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Poem by George Gordon Byron

To Anne (Oh say not, sweet Anne, that the Fates have decreed)


Oh say not, sweet Anne, that the Fates have decreed
⁠   The heart which adores you should wish to dissever;
Such Fates were to me most unkind ones indeed,
   ⁠To bear me from Love and from Beauty for ever.


Your frowns, lovely girl, are the Fates which alone
⁠   Could bid me from fond admiration refrain;
By these, every hope, every wish were o'erthrown,
⁠   Till smiles should restore me to rapture again.


As the ivy and oak, in the forest entwin'd,
⁠   The rage of the tempest united must weather;
My love and my life were by nature design'd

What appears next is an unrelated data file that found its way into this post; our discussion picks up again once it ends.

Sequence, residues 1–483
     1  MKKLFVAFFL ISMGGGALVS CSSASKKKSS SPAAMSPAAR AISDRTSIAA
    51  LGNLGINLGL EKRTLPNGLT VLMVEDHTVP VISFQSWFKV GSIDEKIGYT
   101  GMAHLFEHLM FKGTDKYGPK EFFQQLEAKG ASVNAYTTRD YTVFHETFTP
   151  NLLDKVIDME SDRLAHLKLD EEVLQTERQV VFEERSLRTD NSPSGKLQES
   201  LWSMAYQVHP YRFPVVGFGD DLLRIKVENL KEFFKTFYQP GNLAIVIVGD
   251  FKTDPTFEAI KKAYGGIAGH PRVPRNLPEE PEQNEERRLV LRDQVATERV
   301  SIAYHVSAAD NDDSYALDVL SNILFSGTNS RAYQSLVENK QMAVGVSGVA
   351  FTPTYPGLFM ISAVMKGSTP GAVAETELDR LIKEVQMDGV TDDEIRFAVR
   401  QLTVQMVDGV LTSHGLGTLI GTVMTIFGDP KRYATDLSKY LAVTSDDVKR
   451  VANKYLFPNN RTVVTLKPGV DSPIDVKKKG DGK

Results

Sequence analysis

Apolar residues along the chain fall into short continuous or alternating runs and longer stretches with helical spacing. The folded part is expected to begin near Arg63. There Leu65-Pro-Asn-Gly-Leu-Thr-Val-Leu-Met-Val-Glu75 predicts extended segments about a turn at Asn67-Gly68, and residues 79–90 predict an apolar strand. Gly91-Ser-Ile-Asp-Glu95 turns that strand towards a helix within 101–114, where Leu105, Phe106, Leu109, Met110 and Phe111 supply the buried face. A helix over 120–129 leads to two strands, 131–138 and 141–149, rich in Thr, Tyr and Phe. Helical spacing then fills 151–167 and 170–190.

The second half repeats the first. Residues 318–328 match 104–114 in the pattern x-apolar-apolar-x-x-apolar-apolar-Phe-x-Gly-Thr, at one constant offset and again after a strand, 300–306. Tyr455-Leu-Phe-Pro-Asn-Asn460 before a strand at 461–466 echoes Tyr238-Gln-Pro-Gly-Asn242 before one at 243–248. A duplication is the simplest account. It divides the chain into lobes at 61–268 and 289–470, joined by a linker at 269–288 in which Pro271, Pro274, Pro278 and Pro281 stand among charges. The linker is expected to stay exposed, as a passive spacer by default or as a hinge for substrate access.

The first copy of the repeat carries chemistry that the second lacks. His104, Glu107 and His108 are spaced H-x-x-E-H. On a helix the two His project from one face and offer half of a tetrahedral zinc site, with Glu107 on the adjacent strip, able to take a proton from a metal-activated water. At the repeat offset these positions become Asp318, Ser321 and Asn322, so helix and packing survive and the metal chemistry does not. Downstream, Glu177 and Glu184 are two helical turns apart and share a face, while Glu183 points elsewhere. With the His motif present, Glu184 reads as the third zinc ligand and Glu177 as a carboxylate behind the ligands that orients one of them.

⁠To flourish alike, or to perish together.


Then say not, sweet Anne, that the Fates have decreed
⁠   Your lover should bid you a lasting adieu:
Till Fate can ordain that his bosom shall bleed,
⁠   His Soul, his Existence, are centred in you. 

Anne - Miss Anne Houson


George Gordon Byron

George Gordon Byron's other poems:
  1. Epitaph
  2. Churchills Grave
  3. On a Change of Masters at a Great Public School
  4. Lines Addressed to a Young Lady
  5. To the Earl of Clare

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